By Theodore Shoebat
Russia and Turkey are striking a deal over the situation in Syria. President Erdogan of Turkey traveled to the Russian town of Sochi, which lies right on the Black Sea, to have talks with Putin. Part of the deal is that there will be a “safe zone” that would be absent of any Kurdish-led fighters.
The deal that was agreed to by Russia and Turkey is centered upon the purging of Kurdish fighters in northern Syria. Within this new deal, Turkish and Russian troops will patrol side by side the region now under Turkish military occupation. The two forces will “facilitate the removal of YPG elements and their weapons,” according to the memorandum. The Kurdish YPG fighters will then have to withdraw about 20 miles from the Turkish-declared security zone in Northern Syria. This retreat is anticipated to last for roughly six days and then Russian and Turkish troops will patrol that particular zone. The deal also will make Kurdish fighters withdraw from Manbij and Tal Rifat, which are outside the immediate conflict area, as we read in a report from NPR.
But these very Kurdish fighters that are to the ire of the Turks are currently allied to Bashar al-Assad who recently pledged that he would do what is necessary to remove Turkish military presence. Vladimir Sotnikov, a senior research associate at the Russian Academy of Sciences, has said that one of Russia’s objectives in the deal is to actually protect the Assad allied Kurds from the Turkish offensive. “The expected outcome of the Erdogan-Putin meeting is an oral agreement to limit the Turkish offensive against the Kurds in Syria,” he said. Another goal of the deal, according to Sotnikov, is to protect Syrian soldiers from Turkish troops (who are way more efficient in fighting). In the words of Sotnikov: “They also want to prevent direct clashes between the Syrian government troops and Turkish forces.”
Wadih el-Hayek, a Middle East correspondent for Russian opposition paper Novaya Gazeta, believes that one of the reasons why Russia wants to broker this deal is to protect Russia’s national security from the many Chechen fighters who travelled to Syria to back ISIS. El-Hayek affirmed that Moscow’s “priority is to ensure the security of its soldiers on the ground from clashing with Chechen armed rebel fighters”. “If these fighters make it back to Russia they’ll have military experience and the potential to create violent instability,” he said, adding: “Russia is willing to ignore its alliance with Syria and Turkey’s cooperation with opposition groups in order to work with Ankara to neutralise these fighters.”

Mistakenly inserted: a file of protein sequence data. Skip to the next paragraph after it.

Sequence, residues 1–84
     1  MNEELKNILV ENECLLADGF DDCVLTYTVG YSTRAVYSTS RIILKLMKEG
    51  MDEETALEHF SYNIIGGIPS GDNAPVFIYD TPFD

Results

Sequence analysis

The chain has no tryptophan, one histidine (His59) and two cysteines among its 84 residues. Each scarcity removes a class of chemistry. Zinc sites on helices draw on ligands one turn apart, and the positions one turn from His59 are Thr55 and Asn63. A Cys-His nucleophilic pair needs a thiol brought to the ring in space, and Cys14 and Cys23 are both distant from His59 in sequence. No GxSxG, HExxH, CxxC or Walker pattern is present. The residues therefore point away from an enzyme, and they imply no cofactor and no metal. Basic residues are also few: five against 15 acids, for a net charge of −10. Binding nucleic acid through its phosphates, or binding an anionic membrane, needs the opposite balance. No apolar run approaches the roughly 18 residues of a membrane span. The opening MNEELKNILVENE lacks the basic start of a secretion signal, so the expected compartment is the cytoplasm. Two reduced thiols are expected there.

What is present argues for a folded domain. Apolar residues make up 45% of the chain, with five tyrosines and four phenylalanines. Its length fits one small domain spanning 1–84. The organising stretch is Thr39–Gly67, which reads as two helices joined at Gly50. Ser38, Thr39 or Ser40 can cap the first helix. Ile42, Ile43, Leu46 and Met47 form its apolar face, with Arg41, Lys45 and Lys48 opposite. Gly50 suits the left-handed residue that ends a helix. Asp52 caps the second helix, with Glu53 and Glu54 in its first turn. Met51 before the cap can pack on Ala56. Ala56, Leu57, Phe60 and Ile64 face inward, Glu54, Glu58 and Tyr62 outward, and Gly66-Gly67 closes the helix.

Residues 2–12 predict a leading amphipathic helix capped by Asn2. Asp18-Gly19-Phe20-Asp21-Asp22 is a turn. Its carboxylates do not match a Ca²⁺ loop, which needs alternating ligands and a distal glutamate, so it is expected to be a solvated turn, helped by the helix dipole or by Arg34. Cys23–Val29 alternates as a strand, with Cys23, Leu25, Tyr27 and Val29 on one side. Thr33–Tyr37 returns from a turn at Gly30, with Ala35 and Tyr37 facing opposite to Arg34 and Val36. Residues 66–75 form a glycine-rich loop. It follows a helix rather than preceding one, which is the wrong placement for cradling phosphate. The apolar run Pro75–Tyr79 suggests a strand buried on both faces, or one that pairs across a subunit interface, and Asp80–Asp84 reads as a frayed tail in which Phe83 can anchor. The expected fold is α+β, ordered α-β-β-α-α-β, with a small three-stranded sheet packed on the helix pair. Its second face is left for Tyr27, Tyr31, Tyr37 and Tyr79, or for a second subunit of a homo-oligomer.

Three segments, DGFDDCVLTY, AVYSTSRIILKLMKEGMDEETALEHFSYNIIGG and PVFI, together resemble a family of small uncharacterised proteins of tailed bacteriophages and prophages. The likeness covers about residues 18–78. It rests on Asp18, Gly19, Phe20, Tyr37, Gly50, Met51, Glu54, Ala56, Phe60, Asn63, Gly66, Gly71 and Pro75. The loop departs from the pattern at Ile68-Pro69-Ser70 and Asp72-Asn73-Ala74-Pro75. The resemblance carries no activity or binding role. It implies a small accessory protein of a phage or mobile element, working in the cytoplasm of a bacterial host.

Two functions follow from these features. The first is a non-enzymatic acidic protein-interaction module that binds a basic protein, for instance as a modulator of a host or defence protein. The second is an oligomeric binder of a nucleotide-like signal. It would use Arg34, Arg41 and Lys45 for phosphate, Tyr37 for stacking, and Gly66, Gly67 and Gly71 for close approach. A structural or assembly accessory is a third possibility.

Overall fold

But there appears to be a deeper geopolitical objective involved here: control over the Black Sea. Turkey currently has a position in the Black Sea that is superior to the current state of the Russian navy in that very maritime region. According to a 2018 report entitled, Turkey and Black Sea Security, published by SIPRI:
After the collapse of the Soviet Union, Turkey rapidly gained naval superiority in the Black Sea. By 2013 the Turkish fleet (counting all ships, not only those based in the Black Sea) was 4.7 times larger than the combined fleets of Russia and Ukraine in the Black Sea. While Russia’s Black Sea Fleet has been reinforced since then, so has the Turkish fleet. Thus although the balance (at least when measured in equipment) has shifted somewhat towards Russia, the Turkish fleet remains superior in strength to the Black Sea Fleet and, based on the known Russian and Turkish naval acquisition plans, it will remain so
Russia has been in control of the the Sea of Azov since its takeover of Crimea in 2014, and at the same time Turkey has superior position over the Black Sea, especially over the Bosphorus and Dardanelles. Meanwhile, Turkey’s geographic location puts it right in the middle of Russia’s areas of interest. Turkey borders right with Georgia and Armenia, both areas of intense interest for Russia, since the Russians invaded Georgia in 2008 and Armenia is a strategic ally to Moscow. Turkey also borders with Iran, a major ally to Russia. But a huge factor in the geopolitical quagmire with these countries is the Black Sea. Russia has a fixation on having access through the Dardanelles, as we learn from former high-ranking officer of the Syrian Arab Army, Major General Mohammad Abbas. In an interview done in early October of 2019, Abbas observed:
“The United States seeks to achieve its strategic goals of making Russia a landlocked country and not allowing it to cross the Black Sea, the Dardanelles and the Bosphorus, and to prevent it from warm water”